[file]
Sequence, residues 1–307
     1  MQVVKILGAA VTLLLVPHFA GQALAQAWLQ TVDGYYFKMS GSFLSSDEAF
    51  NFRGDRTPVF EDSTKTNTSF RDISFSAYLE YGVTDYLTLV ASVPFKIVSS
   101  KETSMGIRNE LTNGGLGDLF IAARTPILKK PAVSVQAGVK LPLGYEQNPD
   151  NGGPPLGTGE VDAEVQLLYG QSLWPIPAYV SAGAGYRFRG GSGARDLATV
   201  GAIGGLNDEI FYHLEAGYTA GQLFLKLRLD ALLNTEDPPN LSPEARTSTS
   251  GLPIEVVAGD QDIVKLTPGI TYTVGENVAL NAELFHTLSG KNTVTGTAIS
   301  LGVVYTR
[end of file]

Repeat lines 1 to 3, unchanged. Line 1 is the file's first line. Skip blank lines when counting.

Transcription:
Sequence, residues 1–307
     1  MQVVKILGAA VTLLLVPHFA GQALAQAWLQ TVDGYYFKMS GSFLSSDEAF
    51  NFRGDRTPVF EDSTKTNTSF RDISFSAYLE YGVTDYLTLV ASVPFKIVSS